What is 'Crop Yield'

Crop yield is a measurement of the amount of agricultural production harvested per unit of land area. Crop yield is the measure most often used for cereal, grain or legumes and is normally measured in bushels or pounds per acre in the U.S. (metric ton or kilogram per hectare outside the U.S.). The United States Department of Agriculture (USDA) produces charts and maps displaying crop yields, crop weather and crop acreage animations to help U.S. farmers maximize agricultural product output.

Crop yield can also refer to the actual seed generation from the plant. For example, a grain of wheat yielding three new grains of wheat would have a crop yield of 1:3. Crop yield is sometimes referred to as "agricultural output."

BREAKING DOWN 'Crop Yield'

To estimate crop yield, producers usually count the amount of a given crop harvested in a sample area. The harvested crop is then weighed, and the crop yield of the entire field is extrapolated from the sample.

For example, if a wheat producer counted 30 heads per foot squared, and each head contained 24 seeds, and assuming a 1,000-kernel weight of 35 grams, the crop yield estimate using the standard formula would be: 30 x 24 x 35 x 0.04356 = 1097 kg/acre. And since wheat is 27.215 kg/bu, the yield we estimated would be 40 bu/acre (1097/27.215) or 40 bushels per acre.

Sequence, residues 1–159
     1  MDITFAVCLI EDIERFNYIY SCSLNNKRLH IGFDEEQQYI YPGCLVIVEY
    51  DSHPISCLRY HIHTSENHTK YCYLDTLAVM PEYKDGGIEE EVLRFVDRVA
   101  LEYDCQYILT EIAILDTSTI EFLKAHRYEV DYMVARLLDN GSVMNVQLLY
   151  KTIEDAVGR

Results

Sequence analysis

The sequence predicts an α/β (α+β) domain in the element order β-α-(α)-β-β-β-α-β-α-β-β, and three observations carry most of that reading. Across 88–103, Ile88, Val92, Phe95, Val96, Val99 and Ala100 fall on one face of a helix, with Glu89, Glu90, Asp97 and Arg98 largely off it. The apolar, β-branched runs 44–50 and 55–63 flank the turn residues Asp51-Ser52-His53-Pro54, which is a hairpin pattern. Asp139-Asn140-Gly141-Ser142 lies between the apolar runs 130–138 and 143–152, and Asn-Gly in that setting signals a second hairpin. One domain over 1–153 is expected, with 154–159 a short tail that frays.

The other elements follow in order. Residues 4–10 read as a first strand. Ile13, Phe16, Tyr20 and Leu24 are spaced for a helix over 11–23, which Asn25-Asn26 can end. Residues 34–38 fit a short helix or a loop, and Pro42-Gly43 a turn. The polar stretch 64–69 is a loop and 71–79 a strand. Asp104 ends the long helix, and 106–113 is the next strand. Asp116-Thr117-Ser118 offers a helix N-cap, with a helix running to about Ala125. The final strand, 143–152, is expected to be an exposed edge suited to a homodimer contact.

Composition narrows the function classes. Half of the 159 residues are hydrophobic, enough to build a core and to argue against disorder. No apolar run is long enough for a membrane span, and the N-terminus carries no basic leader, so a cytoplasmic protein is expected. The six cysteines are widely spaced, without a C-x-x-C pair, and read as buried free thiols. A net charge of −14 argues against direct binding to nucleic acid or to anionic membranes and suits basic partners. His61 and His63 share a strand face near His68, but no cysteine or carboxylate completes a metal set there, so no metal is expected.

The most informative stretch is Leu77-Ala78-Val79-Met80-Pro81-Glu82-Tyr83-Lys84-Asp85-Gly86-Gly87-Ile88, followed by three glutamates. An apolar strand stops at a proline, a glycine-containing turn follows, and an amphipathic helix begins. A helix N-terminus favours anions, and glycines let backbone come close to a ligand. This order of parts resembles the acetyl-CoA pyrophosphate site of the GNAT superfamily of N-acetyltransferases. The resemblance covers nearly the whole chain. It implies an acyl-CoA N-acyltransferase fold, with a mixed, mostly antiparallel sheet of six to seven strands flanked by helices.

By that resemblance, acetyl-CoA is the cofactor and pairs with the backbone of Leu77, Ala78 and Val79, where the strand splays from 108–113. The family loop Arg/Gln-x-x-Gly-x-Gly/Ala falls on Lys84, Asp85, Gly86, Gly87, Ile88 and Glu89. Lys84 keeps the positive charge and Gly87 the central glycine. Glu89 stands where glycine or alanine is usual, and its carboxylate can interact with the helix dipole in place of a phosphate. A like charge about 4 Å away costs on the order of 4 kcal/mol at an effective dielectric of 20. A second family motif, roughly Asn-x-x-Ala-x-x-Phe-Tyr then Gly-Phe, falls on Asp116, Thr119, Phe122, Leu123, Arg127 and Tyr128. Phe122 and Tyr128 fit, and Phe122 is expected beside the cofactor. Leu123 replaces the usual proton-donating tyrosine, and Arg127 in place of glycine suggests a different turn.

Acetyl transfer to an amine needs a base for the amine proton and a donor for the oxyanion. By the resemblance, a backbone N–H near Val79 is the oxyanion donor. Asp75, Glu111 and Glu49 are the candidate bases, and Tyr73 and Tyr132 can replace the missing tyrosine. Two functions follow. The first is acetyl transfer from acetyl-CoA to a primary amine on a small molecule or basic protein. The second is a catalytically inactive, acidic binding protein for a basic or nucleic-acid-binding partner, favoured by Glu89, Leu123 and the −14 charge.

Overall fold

​USDA Crop Yield Statistical Service

​The USDA supplies many different statistics about crop yields for various agricultural products. For example, they publish a monthly report of field crop yields for 23 different products ranging from barley to rice to tobacco and wheat. Part of this information is the absolute high and low yield for the entire history of the data series, some of which extends back over 150 years. What is interesting to note is that, for many products, the absolute low crop yield occurred in the 1930s during the time of the great depression and dust bowl years, while the absolute high crop yield has occurred in the last year or two (2016/2017) as fertilizers, farming techniques and a robust economy have all contributed to record levels of agricultural product output in the United States.

​Crop yield data is important not only in the United States but abroad as well. Declassified CIA documents show that the U.S. government has used satellite reconnaissance imagery to estimate the crop yields of foreign countries. This was particularly important in the 1960s during the height of the Cold War, when the U.S. was using such methods to assess the agricultural health of China and the Soviet Union. Today, foreign countries frequently publish similar crop yield statistics on their government websites, similar to what the USDA does in the United States. 

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